• Anne Shirley, your sympathy deficit is getting not so entertaining. Sometimes your tell it like it is schtick is even productive…but you are way off base. Sometimes putting your legitimate needs first is ok. Doesn’t mean you are selfish or a bad wife.

      • I have to interject right here and say that people who are/were sick really can’t think 100% rationally. Common sense that applies to other people for some reason doesn’t apply to me (for example, working while sick). DUDE, YOU’RE SICK. YOU SHOULDN’T BE WORKING, YOU SHOULDN’T BE TRAVELING, YOU SHOULD BE ON THE SOFA WATCHING BAD NETFLIX. I know how easy it is to fixate on all of these things you’re “supposed” to do but you’re harming yourself. STOP, DO NOTHING, STOP FEELING GUILTY, DO NOT POST ON THISSITE, GET BETTER. YOU JUST HAS MOTHER5UCKING SURGERY.


        • SoCalAtty :

          Godzilla FTW!!

          I may need to print this up, or at the very least save the screenshot, because we all need this reminder sometimes. I think, especially when you love your spouse and have a tricky in-law situation, you do all kinds of crazy things to prevent the appearance of “I just don’t wanna” (FWIW, I think that’s a totally valid reason, even without health/work issues, to tell the husband to go himself and you stay home, but that’s another conversation) when, sure, that’s one part of it, but … surgery!! Just because you weren’t already thrilled to death about the trip doesn’t invalidate your very valid reasons for not going.

          • When you love your spouse, you also support them by doing things that are important to your spouse, like visiting their family on holidays even if you “just don’t wanna.”

        • Wildkitten :

          +1000. I can’t even explain my needs to other people when I’m hungry or tired.

    • silvercurls :

      Godzilla, you rock!

      Lefty, because you sound barely able to walk from the bed to the bathroom–which I say with sympathy, not derision–your #1 priority is staying home and resting and healing as much as possible. If you can get workplace buy-in for working at home, great! At least you won’t have to get dressed, drag yourself across town, interact with coworkers, staff, supervisors, etc.AND possibly risk getting flattened by the latest cold or flu virus.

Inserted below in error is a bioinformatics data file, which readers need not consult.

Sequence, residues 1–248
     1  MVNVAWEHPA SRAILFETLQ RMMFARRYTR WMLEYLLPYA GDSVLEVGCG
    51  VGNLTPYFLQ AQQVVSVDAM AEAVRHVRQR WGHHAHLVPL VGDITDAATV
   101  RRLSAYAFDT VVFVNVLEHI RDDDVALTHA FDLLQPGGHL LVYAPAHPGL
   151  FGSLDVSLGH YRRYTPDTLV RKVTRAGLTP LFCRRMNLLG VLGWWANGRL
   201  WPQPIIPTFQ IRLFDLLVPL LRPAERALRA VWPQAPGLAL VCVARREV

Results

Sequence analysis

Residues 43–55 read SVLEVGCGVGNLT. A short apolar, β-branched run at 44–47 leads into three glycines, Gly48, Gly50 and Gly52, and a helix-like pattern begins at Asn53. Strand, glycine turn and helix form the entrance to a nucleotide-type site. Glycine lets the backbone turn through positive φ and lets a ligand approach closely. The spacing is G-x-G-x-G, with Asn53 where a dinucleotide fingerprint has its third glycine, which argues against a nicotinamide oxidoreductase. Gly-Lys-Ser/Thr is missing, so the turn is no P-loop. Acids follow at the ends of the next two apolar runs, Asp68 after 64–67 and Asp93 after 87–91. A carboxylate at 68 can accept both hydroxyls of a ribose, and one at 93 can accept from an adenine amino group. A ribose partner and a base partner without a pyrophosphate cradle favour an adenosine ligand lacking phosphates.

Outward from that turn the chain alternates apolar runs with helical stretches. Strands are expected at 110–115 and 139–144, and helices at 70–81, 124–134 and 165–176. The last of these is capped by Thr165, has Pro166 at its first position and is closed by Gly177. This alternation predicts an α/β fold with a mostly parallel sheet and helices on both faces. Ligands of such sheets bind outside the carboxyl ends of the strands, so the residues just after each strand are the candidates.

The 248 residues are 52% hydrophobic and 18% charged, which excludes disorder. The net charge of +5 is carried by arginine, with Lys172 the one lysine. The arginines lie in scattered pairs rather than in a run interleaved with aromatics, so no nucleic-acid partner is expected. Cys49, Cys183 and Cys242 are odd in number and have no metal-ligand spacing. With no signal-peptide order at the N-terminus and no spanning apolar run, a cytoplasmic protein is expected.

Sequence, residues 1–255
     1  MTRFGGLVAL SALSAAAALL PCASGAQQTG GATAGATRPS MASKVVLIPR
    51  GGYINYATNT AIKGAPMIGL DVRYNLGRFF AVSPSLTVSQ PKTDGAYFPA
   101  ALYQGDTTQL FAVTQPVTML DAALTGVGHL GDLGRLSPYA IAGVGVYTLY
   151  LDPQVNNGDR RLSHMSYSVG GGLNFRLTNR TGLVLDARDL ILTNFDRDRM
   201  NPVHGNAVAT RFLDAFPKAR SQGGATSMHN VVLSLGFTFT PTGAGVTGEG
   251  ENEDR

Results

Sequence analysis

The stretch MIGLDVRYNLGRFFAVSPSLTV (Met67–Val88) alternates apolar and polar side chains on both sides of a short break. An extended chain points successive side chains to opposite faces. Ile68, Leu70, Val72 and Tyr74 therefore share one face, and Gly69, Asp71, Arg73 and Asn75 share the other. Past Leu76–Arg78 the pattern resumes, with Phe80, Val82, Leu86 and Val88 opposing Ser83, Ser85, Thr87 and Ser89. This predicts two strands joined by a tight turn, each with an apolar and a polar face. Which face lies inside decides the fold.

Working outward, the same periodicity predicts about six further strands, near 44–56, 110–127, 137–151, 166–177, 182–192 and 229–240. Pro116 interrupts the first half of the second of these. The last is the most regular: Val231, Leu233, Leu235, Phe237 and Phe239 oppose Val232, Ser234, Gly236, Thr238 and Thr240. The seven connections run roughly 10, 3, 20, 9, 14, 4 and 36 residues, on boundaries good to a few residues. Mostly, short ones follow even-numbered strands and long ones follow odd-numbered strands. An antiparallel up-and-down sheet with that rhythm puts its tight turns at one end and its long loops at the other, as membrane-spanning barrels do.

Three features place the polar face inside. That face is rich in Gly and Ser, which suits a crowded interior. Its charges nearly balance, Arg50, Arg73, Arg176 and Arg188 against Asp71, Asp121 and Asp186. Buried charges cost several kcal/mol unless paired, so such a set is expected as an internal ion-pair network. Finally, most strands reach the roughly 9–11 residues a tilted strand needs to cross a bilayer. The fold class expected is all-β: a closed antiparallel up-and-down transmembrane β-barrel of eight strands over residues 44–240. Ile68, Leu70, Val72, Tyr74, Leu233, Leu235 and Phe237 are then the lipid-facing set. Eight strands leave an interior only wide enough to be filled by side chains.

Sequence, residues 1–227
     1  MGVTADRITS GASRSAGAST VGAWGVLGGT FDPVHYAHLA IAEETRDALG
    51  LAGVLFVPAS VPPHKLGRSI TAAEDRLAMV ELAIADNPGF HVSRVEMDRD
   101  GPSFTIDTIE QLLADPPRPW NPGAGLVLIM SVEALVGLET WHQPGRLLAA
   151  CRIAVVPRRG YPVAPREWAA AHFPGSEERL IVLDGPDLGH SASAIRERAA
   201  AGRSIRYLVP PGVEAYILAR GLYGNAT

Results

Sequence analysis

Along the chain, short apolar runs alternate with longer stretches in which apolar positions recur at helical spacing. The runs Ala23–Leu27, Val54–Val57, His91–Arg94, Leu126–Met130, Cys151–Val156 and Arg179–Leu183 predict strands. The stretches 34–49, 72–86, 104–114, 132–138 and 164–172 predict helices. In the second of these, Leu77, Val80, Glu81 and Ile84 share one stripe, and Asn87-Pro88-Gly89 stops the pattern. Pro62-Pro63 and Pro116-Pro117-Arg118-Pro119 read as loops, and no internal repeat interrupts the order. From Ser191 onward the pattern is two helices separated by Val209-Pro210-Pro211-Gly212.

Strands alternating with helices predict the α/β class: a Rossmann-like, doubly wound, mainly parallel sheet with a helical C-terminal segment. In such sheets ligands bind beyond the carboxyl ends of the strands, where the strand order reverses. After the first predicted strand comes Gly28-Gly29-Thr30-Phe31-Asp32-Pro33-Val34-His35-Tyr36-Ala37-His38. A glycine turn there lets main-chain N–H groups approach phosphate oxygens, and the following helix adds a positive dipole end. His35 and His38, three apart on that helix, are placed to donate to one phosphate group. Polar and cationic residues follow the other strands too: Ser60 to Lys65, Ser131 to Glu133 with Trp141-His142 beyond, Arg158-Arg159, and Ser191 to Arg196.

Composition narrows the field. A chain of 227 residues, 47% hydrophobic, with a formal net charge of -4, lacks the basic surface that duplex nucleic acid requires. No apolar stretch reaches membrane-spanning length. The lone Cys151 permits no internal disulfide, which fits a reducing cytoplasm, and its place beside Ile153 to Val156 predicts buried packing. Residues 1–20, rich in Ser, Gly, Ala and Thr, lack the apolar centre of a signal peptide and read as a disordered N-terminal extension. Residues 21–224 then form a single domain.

However, even if you are seriously ticked off at your DH and his family, a gracious gesture from you might be a useful down payment on future peace. Thus stand up for yourself, your health, and your need to stay home, but also
      a) tell DH he can go without you (unless your health is so fragile that it’s not safe for you to be home alone; and you have nobody else who can be helpful)
      b) make it very clear to DH that despite past episodes of grouchiness re the in-laws, right now you are acting out of concern for your own physical and professional health and your as-a-couple financial health
      c) gently and briefly communicate the same thing to your in-laws, but also be clear that you’re sorry that you can’t make this trip, this year, that you will miss them, and that you hope you will be together again in the future.
      Heck, if your MIL is hosting Thanksgiving, you might even repeat this message and send it with flowers.

      Am I advocating being a total doormat? No. Am I advocating being clear about one’s own needs and intentions…but also managing to give the other party some positive strokes? Yes.

      Sorry if this sounds brusque or condescending. It’s late and I’m tired. Bottom line: I’m trying both to redeem my own experience of butting heads with various relatives and to save you from having the same misery. A little bit of family peace can go a long, long way. (And it could even be that somehow your inlaws don’t know just how awful you feel, and that if/when they know–maybe if DH clues them in?–they might be doubled up with concern for you and keep saying “no, of course, you shouldn’t travel!”)